Spideydog said :

ONLY 10k’s over can mean the difference between a minor collision to a serious or even deadly collision.

I agree. In future I will be consistently driving 20km under the speed limit.

VYBerlinaV8_the_one_they_all_copy VYBerlinaV8_the_one_they_all_copy 8:20 pm 14 Jun 09

My opinion is that if you are around a person who needs to be rushed to hospital, you call and ambulance.

There’s a few reasons for this:
1) If the person’s condition deteriorates en route, the ambos are better equipped to deal with the situation;
2) You get there quicker because an emergency vehicle under lights can run red lights if need be; and
3) You get taken directly out the back and are not typically subject to front office filtering.

Driving quickly, even if you have the vehicle and skill, is not a good idea.

Spideydog Spideydog 7:30 pm 14 Jun 09

BerraBoy68 said :

Not enough to waste an ambulance’s time but enough for my wife to drive to Canb. Hospital.

So if it’s not enough to waste an ambulance’s time, there is no need to speed. Is it reasonable to put other people lives at risk for something NOT life threatening ?? ONLY 10k’s over can mean the difference between a minor collision to a serious or even deadly collision.

You guys appealed and got a favourable outcome considering your wife’s driving history. Everyone is entitled to a caution I reckon, a long good driving history will be of benefit.

BerraBoy68 BerraBoy68 6:38 pm 14 Jun 09

gazzalai said :

Mmm okay thanks for the help – and to all the people out there who say call an ambulance – when you’ve been in NSW for long enough, you will realise how long it takes for them to get to you, what is a 5 minute drive for me to the hospital (travelling at the speed limit) is a somewhat…10 minute drive for ambulances to get to my residence…

Lesson No. 1 Gazzalai is that if you think you didn’t deserve the fine, don’t be in such a rush to pay it. You are always allowed to appeal. Your written fine would have explained the various actions you could take. For the future, god forbid – you can also appeal if you don’t have the money to pay straight away as the whole consideration process takes time, allowing you a couple of weeks to save a few extra $.

For info: I appealed a similar offence on behalf of my wife in Jan. She drove our daughter to hospital on Xmas day. My Daughter fell over and knocked out a few teeth, and as she was only 4 she wouldn’t calm down. We subsequently thought she may also have broken her jaw. Not enough to waste an ambulance’s time but enough for my wife to drive to Canb. Hospital and pick up a fine for exceeding the speed limit by only 10km/h (i.e. 70km/h in a 60 zone). A letter to the Commissioner saw the fine dropped. I would add, however, my wife also had clean driving for more than 20+ years and we advised the police she would happily accept a caution in lieu of the fine. SO I’m not sure if an appeal by yourself would have been as successful noting you’re only on your P’s.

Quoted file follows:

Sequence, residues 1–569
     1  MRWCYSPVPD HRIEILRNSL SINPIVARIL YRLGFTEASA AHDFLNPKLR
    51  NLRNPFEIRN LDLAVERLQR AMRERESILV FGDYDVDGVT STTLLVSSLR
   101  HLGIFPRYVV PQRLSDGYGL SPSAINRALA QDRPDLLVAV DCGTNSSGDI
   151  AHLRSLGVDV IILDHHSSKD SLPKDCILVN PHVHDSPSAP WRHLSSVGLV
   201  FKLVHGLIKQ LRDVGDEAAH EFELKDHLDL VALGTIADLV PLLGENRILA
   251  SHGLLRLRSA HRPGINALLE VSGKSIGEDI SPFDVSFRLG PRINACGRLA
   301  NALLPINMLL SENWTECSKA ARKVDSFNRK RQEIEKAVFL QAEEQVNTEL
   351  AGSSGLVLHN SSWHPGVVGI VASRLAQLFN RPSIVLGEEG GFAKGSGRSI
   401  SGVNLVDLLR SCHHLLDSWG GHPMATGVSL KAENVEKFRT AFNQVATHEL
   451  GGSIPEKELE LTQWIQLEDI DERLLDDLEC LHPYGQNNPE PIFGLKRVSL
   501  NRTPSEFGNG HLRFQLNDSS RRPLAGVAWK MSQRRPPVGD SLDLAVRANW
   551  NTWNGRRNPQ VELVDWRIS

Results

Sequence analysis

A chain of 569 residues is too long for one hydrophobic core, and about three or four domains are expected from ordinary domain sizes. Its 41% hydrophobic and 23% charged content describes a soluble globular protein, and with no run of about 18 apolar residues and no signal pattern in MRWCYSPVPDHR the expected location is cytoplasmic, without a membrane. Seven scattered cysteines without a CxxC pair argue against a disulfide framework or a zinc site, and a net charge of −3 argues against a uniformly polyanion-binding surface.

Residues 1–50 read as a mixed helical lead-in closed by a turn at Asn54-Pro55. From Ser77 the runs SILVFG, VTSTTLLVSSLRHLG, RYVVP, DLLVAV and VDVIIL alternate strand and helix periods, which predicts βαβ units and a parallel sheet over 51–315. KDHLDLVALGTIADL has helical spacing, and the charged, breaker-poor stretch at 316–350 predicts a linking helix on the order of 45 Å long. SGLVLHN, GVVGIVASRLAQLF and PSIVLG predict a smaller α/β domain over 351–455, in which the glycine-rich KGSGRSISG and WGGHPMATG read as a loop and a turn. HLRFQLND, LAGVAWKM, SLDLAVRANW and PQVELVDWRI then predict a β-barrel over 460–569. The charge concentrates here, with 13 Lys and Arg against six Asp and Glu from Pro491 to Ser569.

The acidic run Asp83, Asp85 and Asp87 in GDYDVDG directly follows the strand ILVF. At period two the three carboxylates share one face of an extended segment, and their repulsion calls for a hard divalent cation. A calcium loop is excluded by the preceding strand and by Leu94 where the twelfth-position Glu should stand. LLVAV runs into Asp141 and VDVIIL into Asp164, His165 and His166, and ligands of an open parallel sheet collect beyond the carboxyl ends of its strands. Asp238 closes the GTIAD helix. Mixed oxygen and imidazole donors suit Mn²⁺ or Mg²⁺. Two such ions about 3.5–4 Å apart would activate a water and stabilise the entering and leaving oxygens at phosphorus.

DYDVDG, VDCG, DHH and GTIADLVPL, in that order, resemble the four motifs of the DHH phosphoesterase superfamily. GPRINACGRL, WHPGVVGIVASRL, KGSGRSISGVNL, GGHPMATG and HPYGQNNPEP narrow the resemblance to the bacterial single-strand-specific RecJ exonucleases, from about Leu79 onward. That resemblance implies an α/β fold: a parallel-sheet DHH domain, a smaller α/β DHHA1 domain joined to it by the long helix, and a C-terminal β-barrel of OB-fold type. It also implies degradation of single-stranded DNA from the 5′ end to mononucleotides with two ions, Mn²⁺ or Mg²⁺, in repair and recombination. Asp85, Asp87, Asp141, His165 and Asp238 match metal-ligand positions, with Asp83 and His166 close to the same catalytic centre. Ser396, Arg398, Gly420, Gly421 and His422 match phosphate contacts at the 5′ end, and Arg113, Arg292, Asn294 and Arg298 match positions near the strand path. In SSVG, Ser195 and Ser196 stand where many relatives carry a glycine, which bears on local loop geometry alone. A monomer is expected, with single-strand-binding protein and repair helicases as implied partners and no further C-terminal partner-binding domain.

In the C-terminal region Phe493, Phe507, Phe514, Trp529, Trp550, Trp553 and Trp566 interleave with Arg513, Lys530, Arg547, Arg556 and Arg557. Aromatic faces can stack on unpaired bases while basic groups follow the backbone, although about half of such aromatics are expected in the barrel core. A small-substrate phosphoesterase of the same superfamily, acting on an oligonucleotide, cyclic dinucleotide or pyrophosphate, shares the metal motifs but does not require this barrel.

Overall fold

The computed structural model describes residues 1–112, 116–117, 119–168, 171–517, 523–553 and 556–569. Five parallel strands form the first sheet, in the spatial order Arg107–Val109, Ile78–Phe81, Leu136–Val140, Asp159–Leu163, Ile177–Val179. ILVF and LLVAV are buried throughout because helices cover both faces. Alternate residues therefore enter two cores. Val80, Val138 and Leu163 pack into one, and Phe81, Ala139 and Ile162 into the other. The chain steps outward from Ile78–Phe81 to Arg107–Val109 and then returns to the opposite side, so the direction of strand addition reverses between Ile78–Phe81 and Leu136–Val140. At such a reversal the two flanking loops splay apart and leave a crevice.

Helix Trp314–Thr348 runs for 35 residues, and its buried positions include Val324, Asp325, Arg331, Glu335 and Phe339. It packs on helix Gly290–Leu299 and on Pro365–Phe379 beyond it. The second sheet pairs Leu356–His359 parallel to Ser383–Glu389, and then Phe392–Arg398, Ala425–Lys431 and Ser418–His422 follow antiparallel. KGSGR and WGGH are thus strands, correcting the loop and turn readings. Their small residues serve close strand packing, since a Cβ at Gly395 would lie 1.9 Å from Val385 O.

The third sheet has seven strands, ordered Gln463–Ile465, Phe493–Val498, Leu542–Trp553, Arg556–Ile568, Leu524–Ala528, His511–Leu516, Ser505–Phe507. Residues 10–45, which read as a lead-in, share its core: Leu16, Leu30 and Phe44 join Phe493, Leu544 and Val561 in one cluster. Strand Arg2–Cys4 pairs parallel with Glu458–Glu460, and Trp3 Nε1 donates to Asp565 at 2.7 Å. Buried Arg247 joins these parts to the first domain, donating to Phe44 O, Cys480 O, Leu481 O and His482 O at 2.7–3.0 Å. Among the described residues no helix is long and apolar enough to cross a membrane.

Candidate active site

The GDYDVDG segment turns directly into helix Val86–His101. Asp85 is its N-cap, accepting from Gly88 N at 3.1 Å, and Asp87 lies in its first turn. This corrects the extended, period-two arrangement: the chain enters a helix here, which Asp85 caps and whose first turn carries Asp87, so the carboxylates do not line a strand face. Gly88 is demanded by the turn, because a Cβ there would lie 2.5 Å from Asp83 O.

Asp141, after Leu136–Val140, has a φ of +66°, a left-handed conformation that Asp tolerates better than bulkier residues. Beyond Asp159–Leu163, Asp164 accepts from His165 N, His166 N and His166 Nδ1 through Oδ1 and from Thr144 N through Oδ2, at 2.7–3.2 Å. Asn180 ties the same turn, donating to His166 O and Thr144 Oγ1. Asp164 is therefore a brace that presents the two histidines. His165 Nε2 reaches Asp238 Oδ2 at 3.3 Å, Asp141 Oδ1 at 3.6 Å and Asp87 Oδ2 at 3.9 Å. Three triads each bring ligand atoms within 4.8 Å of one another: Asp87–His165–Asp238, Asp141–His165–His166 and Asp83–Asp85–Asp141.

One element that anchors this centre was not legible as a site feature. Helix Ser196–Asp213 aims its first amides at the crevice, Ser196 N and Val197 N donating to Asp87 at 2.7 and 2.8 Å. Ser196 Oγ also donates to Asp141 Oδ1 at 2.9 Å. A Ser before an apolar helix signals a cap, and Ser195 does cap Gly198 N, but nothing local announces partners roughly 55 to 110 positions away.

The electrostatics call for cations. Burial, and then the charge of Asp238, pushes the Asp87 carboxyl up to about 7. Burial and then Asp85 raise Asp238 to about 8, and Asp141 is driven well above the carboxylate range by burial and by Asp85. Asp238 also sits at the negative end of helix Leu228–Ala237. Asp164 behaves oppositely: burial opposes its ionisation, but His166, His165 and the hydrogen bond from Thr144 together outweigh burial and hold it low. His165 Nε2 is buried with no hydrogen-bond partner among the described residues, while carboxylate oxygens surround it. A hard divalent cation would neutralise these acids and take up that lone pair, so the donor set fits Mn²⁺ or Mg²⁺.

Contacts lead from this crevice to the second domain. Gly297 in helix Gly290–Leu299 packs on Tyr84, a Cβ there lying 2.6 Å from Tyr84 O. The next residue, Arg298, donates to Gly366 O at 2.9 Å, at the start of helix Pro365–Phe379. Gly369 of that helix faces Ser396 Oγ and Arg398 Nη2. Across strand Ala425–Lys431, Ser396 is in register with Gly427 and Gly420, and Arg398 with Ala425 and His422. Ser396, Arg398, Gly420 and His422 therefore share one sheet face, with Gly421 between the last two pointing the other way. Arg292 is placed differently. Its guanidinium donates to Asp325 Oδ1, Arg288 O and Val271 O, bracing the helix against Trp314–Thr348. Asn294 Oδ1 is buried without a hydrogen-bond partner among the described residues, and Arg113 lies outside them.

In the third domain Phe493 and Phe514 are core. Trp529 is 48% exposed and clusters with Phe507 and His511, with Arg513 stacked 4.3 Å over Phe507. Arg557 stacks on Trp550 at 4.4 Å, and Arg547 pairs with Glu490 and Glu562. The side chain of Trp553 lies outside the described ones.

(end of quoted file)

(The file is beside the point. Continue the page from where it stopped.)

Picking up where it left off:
gazzalai gazzalai 6:16 pm 14 Jun 09

Mmm okay thanks for the help – and to all the people out there who say call an ambulance – when you’ve been in NSW for long enough, you will realise how long it takes for them to get to you, what is a 5 minute drive for me to the hospital (travelling at the speed limit) is a somewhat…10 minute drive for ambulances to get to my residence…

Deckard Deckard 4:38 pm 14 Jun 09

Plus with an ambulance you’re getting medical care on the way to hospital if you need it.

DJ DJ 3:41 pm 14 Jun 09

Sands said :

I just think it’s a little harsh. If one of my family members needed to go to emergency, I’d be racing them to hospital (as safely as possible). It could be a panic response, but if that’s the *real* reason they’re speeding, I wouldn’t be arguing about <15 over to get to the ER.

The idea of racing seems a little, well, wrong. Panic response? If that’s the case then call an ambulance – that is what they are for isn’t it? Apparently ACTAS have excellent response times…

Spideydog Spideydog 3:12 pm 14 Jun 09

Ambulances are equipped with adequate warning devices, p-plate member of the public does not.
Ambulance drivers are trained and have more experience than p-plate member of the public.
Ambulance drivers have an exemption under the ARR, p-plate member of the public does not.

It is accepted by the public that they want an ambulance to do the conveying in an emergency situation, not a p-plate (or full licence holder for that matter) licence holder.

I think if people make the choice to take someone to hospital and speed in doing so, rather than call 000 and ask for ambulance attendance, they must accept that they MAY be pulled over and MAY receive a traffic infringement notice.